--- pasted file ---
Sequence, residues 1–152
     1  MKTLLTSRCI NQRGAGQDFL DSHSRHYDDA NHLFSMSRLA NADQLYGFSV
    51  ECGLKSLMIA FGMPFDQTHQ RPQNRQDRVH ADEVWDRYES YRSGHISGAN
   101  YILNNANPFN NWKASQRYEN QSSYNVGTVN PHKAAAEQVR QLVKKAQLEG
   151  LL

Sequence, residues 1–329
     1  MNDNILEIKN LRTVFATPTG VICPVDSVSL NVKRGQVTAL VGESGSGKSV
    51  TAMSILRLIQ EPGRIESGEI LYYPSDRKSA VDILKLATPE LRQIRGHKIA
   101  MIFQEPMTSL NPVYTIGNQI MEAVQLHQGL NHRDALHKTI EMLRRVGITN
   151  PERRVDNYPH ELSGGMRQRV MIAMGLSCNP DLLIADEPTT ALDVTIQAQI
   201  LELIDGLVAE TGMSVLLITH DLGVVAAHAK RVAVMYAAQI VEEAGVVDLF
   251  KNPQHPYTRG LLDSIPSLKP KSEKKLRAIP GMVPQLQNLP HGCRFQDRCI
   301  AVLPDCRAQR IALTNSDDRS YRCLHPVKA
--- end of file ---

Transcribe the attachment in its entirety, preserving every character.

Sequence, residues 1–152
     1  MKTLLTSRCI NQRGAGQDFL DSHSRHYDDA NHLFSMSRLA NADQLYGFSV
    51  ECGLKSLMIA FGMPFDQTHQ RPQNRQDRVH ADEVWDRYES YRSGHISGAN
   101  YILNNANPFN NWKASQRYEN QSSYNVGTVN PHKAAAEQVR QLVKKAQLEG
   151  LL

Sequence, residues 1–329
     1  MNDNILEIKN LRTVFATPTG VICPVDSVSL NVKRGQVTAL VGESGSGKSV
    51  TAMSILRLIQ EPGRIESGEI LYYPSDRKSA VDILKLATPE LRQIRGHKIA
   101  MIFQEPMTSL NPVYTIGNQI MEAVQLHQGL NHRDALHKTI EMLRRVGITN
   151  PERRVDNYPH ELSGGMRQRV MIAMGLSCNP DLLIADEPTT ALDVTIQAQI
   201  LELIDGLVAE TGMSVLLITH DLGVVAAHAK RVAVMYAAQI VEEAGVVDLF
   251  KNPQHPYTRG LLDSIPSLKP KSEKKLRAIP GMVPQLQNLP HGCRFQDRCI
   301  AVLPDCRAQR IALTNSDDRS YRCLHPVKA